International studio — 34.1908

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Japanese Prints

chiel’s “ Histoire de la Pein-
ture Flamande,” published
in 1866, is what an unliterary
friend of mine would call
“hot stuff.”—The author’s
amazing vanity and ignor-
ance are only equalled by the
cool impudence with which
he has appropriated the dis-
coveries of others, whom he
has vilified and held up to
ridicule.60 pages
5. Life of Hubert .... 6 pages
6. Life of John.18 pages
7. Description and Bibliogra-
phy of The Adoration of the

Lamb, the masterpiece of the
brothers.25 pages
8. Eleven Paintings by John . 49 pages
9. Twenty-six Paintings attrib-
uted to the Van Eycks . . 68 pages
10. Lost Paintings.9 pages
11. Observations. Most writers
would have amplified these
observations and made them
the structure of the book.
Mr. Weale places them at

the end before the Addenda
and Index.
Add to these eleven sections, the 44 photogravure
plates and 99 other illustrations, many reproduced
for the first time, and you have an art volume which
is a credit to author and publisher, and which will
endure. It is the definite statement on the Eyckian
lives and achievement until some prowler among
old book-shops in Netherlandish byways, or some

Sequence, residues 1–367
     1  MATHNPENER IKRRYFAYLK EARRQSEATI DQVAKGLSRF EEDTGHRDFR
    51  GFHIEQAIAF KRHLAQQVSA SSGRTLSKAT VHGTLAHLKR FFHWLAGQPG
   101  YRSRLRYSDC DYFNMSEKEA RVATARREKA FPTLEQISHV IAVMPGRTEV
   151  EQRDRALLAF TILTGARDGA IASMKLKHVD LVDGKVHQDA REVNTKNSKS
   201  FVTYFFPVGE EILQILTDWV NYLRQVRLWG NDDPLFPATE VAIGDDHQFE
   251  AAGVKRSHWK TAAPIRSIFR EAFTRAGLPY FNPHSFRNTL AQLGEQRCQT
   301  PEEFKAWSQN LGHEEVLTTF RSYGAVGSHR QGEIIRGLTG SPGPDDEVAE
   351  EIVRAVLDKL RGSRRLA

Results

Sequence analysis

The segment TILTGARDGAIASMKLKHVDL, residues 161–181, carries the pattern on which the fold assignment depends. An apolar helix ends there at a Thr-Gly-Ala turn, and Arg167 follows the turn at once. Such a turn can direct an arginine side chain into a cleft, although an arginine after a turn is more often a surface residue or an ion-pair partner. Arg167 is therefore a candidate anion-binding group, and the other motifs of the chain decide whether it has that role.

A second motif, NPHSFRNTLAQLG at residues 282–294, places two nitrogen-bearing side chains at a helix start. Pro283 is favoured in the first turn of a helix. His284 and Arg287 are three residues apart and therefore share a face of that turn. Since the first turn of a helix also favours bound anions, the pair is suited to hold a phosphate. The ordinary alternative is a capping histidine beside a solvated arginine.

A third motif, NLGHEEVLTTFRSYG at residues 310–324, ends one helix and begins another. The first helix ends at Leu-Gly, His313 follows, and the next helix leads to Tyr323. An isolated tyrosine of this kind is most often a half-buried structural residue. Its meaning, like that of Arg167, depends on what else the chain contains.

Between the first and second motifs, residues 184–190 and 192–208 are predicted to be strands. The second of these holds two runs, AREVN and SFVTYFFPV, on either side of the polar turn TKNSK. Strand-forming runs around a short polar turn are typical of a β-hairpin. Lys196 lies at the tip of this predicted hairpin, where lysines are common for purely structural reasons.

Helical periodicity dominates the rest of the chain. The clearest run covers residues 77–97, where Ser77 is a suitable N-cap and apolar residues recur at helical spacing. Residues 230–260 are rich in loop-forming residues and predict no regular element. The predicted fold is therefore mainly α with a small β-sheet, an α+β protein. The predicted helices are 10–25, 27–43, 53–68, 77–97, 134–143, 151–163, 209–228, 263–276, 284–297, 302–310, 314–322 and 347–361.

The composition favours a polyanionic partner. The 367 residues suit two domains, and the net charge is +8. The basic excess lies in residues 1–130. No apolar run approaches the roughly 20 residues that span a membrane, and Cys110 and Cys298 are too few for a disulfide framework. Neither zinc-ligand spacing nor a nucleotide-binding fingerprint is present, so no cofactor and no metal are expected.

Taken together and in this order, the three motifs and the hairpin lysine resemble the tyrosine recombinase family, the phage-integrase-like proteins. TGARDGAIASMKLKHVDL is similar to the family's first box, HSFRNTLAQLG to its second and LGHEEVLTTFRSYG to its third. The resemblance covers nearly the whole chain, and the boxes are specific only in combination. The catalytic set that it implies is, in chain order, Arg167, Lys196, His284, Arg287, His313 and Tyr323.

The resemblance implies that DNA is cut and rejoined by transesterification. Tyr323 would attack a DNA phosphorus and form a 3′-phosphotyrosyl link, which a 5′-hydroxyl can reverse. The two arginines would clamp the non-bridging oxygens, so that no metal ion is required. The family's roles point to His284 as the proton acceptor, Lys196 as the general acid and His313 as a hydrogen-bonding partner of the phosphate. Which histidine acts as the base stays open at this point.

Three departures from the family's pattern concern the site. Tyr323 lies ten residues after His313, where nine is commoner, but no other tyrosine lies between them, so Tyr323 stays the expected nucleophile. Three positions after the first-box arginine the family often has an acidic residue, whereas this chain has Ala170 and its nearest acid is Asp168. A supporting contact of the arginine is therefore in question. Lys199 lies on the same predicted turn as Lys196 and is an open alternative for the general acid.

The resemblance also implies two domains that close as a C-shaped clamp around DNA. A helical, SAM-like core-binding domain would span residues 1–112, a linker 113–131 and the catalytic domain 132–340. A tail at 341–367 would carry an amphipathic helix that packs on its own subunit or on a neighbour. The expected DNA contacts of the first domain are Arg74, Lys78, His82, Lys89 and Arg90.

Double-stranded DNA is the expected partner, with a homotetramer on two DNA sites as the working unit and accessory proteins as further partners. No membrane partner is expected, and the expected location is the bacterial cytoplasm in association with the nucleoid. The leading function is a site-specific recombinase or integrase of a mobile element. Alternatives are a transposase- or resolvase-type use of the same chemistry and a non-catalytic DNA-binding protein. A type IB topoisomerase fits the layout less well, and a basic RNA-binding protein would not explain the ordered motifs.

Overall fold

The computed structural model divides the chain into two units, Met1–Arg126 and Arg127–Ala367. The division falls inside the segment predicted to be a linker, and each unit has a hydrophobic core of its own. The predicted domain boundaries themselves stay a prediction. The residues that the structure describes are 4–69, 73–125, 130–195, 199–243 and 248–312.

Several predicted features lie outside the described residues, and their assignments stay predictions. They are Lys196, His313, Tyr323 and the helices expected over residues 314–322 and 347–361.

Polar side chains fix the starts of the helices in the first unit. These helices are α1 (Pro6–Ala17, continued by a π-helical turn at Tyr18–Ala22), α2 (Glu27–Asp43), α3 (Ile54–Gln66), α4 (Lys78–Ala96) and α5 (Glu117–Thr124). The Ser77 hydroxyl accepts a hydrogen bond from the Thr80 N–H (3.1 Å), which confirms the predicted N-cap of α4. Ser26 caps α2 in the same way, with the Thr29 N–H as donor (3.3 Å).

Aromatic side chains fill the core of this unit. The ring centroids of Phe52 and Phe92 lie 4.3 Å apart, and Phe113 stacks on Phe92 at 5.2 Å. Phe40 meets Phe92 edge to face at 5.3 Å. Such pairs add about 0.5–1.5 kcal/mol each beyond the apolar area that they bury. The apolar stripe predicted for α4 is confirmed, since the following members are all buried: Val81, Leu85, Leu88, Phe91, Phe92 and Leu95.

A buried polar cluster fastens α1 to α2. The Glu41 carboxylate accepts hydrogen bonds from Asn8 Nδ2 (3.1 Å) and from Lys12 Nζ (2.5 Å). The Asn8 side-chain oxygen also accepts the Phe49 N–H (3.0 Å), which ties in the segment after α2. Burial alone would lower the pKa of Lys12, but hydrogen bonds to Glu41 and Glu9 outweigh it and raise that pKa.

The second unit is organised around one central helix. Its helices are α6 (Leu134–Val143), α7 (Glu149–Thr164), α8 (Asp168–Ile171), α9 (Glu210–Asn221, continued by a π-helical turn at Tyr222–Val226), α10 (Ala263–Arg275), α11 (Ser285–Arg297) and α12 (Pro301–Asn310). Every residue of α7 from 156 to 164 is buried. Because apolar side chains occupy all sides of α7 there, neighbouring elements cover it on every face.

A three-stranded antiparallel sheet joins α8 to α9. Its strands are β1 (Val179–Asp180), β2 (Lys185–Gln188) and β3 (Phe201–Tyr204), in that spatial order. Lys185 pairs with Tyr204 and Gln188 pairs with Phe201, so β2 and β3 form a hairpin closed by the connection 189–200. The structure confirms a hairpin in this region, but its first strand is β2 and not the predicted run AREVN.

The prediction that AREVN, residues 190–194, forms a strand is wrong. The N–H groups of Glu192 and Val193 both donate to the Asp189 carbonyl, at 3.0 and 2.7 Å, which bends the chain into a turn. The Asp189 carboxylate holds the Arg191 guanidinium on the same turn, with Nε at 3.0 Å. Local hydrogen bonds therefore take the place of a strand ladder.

pale peerer into archives discovers the lost twen-
tieth chapter of their earliest historian, Mark van
Vaernewyck’s “Lecken Philosophic,” which “is
known to contain all that Mark van Vaernewyck
had been able to gather concerning the Van Eycks.”
I hope the discovery of that lost chapter may one
day crown Mr. Weale’s arduous and useful labors.
A comprehensive exhibition of Japanese
prints is on view at the galleries of Yamanaka
and Company, 254 Fifth Avenue, New York
City. Ranging from the examples of the art of
earlier men in black and white, Urushiye and
Beniye, the exhibition is especially rich in charm-
ing multi-color impressions of the “golden period,”
when Ukiyoye reached its highest development.

Interest in this intensely characteristic branch of
Japanese art is constantly increasing. In New York
City the enthusiasm of several private collectors has
outrun the efforts of public institutions. The
Ketcham exhibition in 1896 was notable. In Bos-
ton the collection of the Museum of Fine Arts is
remarkable in quality and extent. An exhibition is
reported as scheduled for this month by the Art
Institute of Chicago. Several beautiful private
collections have been made in that city. In Wash-
ington, the Library of Congress has received as a
gift the collection assembled by Crosby Stuart
Noyes. A list of the prints comprised is obtainable
in a reprint from the report of the Librarian of
Congress for 1906.
We are in receipt of a copy of the sixteenth an-
nual edition of Hendrick’s Commercial Register
of the United States. This invaluable directory has
now reached the bulk of over 1,200 pages, and in-
cludes, for the huge total of more than 25,500 manu-
facturing and construction industries, all available
addresses, arranged alphabetically and by locality.

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